Not long after the end of the school term I was being all smug about buying in a large amount of quality ale and a colleague of mine, who knows who they are, shared the fact that they had bought in a large order of Millionaire (see this link) from Wild Beer Co. because, let's face it, why wouldn't you. Clearly I couldn't let this provocation lie and, as I said, why wouldn't you? I got myself on my pedal-powered internet connection (disclaimer, nothing is pedal-powered) and promptly ordered my own booty from their online beer emporium. The most curious of their ales, to my mind, was the rather clever-titled Breakfast of Champignons and that was the first bottle to get drunk. It thus forms the first of the reviews from that particular shipment.
Let's face it, something made with wild mushrooms as well as yeast is intriguing to say the least. I think I was expecting something that tasted not a little like a Sunday morning fry up with absolutely no reason to harbour this feeling. However, I have now tasted and reviewed this rather strange little brew so that others may make up their own minds. Would you like to learn more?
I had intended to have this out in the garden, because it is the summer, but the summer had other ideas and promptly decided to give us a downpour instead. So, with the washing on the line getting steadily more drenched, I opened a bottle in recognition that there are some things in life that it is better to just let happen. (Disclaimer: I was told the washing was too wet already to justify getting it back in). It opened with a whisp of carbonation and a distinctly sour aroma, in that it smelled like a sour ale, not that the aroma was particularly sour. It was definitely tangy and it had a definite pinch about it with a touch of wild mushrooms, as you would expect, but only that small touch above an otherwise standard sour ale smell. Maybe there was a hint of oranges. Willow favoured the orange aroma being dominant but, as she would admit, there's little chance of her noticing the mushrooms as she's no fan and doesn't really get wafts of them often. This is no button mushroom hint either, it's more the kind of smell one gets when opening the box of field mushrooms for the first time or picking the dinner-plate sized ones from the race-course when out with the Scouts for a night or two camping.
This odd combination continues onto the tongue - a distinct orange opening burst with the standard sour sweep into the sides of the mouth to wash out the palate and bring in the yeast and the malt. But always with that drying hint of mushroom just out of sight and barely perceptible. It is very subtle, but it is insistent and it is there. This is a sour, sure enough, but it's not one of those sours where the whole point is the sour aspect, nor is it playing second fiddle to a fruity taste, as it was in the rather nice Damn Dead Strawberry (see here). Rather, it plays a sort of dual role with the orange and the slight hint of mushroom to create a strangely rounded taste balanced on the razor edge of the sour as it cuts through. Turn your back and you're suddenly up against a wall of orange, with the impression that the man in the sunglasses you saw earlier in the park is back but dressed as someone else, maybe he has the same shoes on, and that you are just too far from the Consulate for safety. They've clocked you and you're going to get caught, the only real question is how difficult you can make it for them in the meantime.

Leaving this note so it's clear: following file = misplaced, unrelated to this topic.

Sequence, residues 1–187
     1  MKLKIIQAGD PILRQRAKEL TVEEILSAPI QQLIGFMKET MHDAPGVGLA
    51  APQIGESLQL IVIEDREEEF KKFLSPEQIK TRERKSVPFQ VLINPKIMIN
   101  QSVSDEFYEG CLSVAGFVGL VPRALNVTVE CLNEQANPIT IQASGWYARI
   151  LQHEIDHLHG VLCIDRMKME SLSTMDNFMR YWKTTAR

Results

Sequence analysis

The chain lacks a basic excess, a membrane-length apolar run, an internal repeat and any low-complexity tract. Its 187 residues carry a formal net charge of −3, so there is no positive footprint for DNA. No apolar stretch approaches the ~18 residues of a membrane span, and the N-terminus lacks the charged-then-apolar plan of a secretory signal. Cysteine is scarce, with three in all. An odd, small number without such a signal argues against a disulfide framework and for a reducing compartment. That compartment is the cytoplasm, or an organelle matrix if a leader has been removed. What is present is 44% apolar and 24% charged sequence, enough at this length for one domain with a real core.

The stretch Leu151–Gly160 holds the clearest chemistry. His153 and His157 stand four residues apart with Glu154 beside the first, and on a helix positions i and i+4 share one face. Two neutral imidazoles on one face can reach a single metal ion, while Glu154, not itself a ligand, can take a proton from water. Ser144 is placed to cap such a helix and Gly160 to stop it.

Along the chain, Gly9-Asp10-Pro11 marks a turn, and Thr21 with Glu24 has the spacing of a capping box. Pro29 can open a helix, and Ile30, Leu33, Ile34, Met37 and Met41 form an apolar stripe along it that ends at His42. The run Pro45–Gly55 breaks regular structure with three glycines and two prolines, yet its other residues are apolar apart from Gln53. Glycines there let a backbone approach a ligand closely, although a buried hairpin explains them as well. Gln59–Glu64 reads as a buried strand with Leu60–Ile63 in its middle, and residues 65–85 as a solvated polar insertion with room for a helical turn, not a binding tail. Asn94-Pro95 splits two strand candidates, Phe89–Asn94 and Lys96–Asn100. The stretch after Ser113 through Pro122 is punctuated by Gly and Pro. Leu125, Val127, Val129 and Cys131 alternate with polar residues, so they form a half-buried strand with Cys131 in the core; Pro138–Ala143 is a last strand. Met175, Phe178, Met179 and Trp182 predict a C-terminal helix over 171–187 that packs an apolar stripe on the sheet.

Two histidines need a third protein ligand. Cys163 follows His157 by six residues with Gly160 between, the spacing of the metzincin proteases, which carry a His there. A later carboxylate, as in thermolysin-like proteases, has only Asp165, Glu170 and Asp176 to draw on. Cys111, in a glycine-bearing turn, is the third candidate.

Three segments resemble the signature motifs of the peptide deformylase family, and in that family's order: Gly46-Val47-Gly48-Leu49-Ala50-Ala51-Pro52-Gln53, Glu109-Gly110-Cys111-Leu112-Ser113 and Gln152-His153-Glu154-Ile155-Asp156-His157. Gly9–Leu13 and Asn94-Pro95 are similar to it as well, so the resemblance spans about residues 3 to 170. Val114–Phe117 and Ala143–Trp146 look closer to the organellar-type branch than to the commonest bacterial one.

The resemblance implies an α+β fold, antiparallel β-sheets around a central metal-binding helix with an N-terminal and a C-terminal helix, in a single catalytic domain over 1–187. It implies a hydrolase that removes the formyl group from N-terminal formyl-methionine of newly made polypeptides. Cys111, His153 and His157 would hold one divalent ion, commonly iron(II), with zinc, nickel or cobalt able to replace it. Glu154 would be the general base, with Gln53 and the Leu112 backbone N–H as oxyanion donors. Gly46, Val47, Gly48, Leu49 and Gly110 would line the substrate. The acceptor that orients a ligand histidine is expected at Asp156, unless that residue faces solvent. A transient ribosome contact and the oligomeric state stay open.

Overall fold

Obviously, in retrospect, an ale with extra funghi in it will be a sour as that's what adding yeast to a brew does and what is yeast if not a fungus? And though this was certainly nothing like I was expecting when I ordered the bottle in it is something that I am glad I got hold of. The sour edge allowed it to play at quenching my thirst and the extra orange meant that it was really quite refreshing too. At 4.1% ABV it wasn't going to cause any trouble or headaches either and nor was it going to demand my full attention like a succulent stout or big IPA. This was just well-made sour ale with a mushroom hint and a surprisingly large amount of orange. Which fitted the colour rather nicely, I thought, and ended up being the big takeaway. Not much of an aftertaste, which fits in with my experience of sour ales, but there is a hint that this was doing me some good. It tasted almost medicinal and healthy. It's the sort of ale that you can say is doing some sort of good for the body - whether or not it is I leave to the actual scientists - but the overall feeling is friendly.
Basically, this is a forgiving ale, that will not punish you in any way. It may challenge a little in the fact that you know that it is made with mushrooms and that will bring to mind whatever you associate with mushrooms. My own experiences of mushrooms are entirely positive, and so it brought to mind all of those experiences. And then it did not one of them and sailed off in a completely different direction of tangy tastes, sour sides and a fulfilling back of the mouth feeling. Fuller than something this sour has any right being, more tart than anything this colour should be and very different.
Enjoy this best in pretty much any setting, but on holiday around breakfast time would be best. You could have the bacon just cooling and crispy, the eggs runny in the middle and seasoned with pepper atop the hash browns and accompanied with the standard sausage (ensure Cumberland seasoned sausage), baked beans and grilled tomatoes. Obviously you will include some mushrooms fried in butter and bacon fat, because whyever not, and then you can open this and have it alongside. Maybe even have some orange juice. Enjoy on the balcony or the patio beneath the sort of sky that isn't quite sunny yet but promises a warm and bright day by the middle of the morning whilst in pyjamas. Maybe you don't like the idea of a beer for breakfast and, to you, I say you're missing out not trying this at that time of day!